Hiking Greenwood Forest WMA?

NJChileHead

Explorer
Dec 22, 2011
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Does anyone have experience with hiking in Greenwood Forest WMA? I have seen reference to it on the 'net and I drive past it when going to other locations. It looks interesting.

I've seen the topo maps from NJF&W for the location, but I haven't seen trail maps available anywhere. If I have a topo map and a compass, is it easy navigation, or is it an endless web of confusing sand roads, etc?

Also, any safety concerns? Any interesting points to see? Any other issues or advice, etc?

Feel free to PM me if info is sensitive for some reason.

Thank you for any info that you can share!
 

Teegate

Administrator
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Sep 17, 2002
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Can you be more specific on the location you want to go in? The reason why I ask is the Greenwood Forest can be on 72 near Chatsworth, or along 539 miles away, or even Howardsville.

Guy
 

Star Tree

Scout
Apr 28, 2011
50
14
8
Waretown
As far as I know there are no official hiking trails in Greenwood. The best way to navigate is using the road system. Most of these are in good shape and could be traveled in 2WD. You may have to use your driving while in sugar sand skills in a couple of places. The primary use of Greenwood is hunting, so it you’re out of the peak seasons you should be ok. You may run into a few folks but if you’re friendly and respectful there should be no issues. It’s public land so it’s open to everyone in spite of what the field trial guys in the Quail Area might tell you.
Lots of cool history and stuff to look at if you know where to look.
 

bobpbx

Piney
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Oct 25, 2002
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Pines; Bamber area
...is it an endless web of confusing sand roads, etc?
Why yes, that's what makes it so fun to explore.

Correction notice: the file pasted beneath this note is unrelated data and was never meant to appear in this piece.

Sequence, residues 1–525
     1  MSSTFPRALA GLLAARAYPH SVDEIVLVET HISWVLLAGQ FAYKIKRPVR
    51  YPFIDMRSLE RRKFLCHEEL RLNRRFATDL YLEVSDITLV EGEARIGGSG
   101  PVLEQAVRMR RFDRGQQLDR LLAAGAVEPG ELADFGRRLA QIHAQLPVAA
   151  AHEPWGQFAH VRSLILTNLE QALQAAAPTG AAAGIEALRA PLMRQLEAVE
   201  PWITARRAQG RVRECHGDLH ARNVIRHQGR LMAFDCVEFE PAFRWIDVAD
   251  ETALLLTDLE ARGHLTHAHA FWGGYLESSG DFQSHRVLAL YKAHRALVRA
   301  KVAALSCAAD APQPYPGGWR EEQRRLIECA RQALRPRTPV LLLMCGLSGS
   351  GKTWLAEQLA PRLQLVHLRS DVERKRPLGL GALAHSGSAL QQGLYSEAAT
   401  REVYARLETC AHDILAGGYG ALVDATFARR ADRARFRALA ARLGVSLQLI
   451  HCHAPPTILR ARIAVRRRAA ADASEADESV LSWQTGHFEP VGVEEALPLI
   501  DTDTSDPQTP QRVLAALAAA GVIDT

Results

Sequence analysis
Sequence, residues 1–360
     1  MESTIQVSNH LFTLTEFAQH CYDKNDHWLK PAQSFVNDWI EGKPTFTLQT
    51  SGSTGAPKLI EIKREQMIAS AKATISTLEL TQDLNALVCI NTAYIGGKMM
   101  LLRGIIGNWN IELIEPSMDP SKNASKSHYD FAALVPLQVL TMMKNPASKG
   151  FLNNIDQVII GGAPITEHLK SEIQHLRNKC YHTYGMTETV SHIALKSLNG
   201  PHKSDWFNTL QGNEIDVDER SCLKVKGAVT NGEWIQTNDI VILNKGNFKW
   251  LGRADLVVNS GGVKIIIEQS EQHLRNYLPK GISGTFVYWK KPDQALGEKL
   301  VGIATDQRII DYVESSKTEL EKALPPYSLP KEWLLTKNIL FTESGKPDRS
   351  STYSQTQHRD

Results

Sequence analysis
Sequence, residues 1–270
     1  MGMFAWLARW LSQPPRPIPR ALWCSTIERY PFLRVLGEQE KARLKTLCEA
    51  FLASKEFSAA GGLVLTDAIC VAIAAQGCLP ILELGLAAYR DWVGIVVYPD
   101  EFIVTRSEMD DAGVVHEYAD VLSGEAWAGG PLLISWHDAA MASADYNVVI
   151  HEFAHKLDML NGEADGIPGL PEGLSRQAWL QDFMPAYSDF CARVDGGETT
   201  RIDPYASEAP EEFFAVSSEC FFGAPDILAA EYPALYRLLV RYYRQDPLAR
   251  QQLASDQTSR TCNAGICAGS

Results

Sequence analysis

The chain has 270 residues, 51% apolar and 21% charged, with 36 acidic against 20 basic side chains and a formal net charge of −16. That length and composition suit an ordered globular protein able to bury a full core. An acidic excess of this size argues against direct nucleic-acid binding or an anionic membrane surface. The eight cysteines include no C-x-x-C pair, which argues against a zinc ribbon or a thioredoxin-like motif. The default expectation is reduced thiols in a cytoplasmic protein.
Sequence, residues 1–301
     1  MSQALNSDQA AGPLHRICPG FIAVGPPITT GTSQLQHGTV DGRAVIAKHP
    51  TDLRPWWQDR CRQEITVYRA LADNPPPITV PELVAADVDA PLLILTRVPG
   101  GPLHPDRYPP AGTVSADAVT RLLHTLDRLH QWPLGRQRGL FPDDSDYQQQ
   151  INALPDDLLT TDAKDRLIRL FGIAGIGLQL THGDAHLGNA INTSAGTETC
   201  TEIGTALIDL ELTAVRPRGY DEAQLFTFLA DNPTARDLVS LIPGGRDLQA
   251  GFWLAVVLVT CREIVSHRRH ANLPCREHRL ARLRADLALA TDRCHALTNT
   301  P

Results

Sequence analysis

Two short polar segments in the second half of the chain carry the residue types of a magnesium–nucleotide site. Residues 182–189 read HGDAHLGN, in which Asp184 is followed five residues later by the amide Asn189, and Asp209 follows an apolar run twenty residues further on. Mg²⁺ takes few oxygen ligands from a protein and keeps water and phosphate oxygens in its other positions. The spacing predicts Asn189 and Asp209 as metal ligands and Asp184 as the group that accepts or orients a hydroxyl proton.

Any other issues or advice, etc?
Yes, Lose the plan and just go. Get lost. Get so deep in that once you are lost you really know it, and you get that queasy feeling in the pit of your stomach. When that happens, calm down, back up and take other roads until you recognize something familiar. It is the only way to explore.

I am being serious. What is there to gain if you always go from point A to point B, and you knew those points beforehand? Once you dig in and start rambling with free will, you'll start to gain confidence and feel more comfortable in the woods. Before you know it, you'll dig into any other wild area with gusto and a sense of wonder.
 

Boyd

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Lose the plan and just go. Get lost. Get so deep in that once you are lost you really know it, and you get that queasy feeling in the pit of your stomach. When that happens, calm down, back up and take other roads until you recognize something familiar. It is the only way to explore.
I have frequently done this myself. But I would always bring a map and compass until I got a GPS, and now I usually bring that. Just the other day I was remembering all the little tricks I used to navigate the pines before GPS. I always wore boots or sneakers that left a distinctive pattern. Many times that helped me find my way back. Sometimes I would mark a turn by scratching a line in the sand with a stick. And I would always make a point to notice landmarks along the way and remember the approximate time to walk between them. I don't intentionally do all these things now, but the instincts are still there. :)

NJChile: I am curious.... do you ever do something spontaneous, like heading off to the pines, parking and just wandering wherever the trail leads? Or do you always research and plan? I'm the impulsive type and wander wherever my whim takes me.

I gather that you don't have a gps? Is there some reason you don't want one? They are pretty inexpensive these days and the "endless web of confusing trails" will suddenly make sense to you. :)
 

manumuskin

Piney
Jul 20, 2003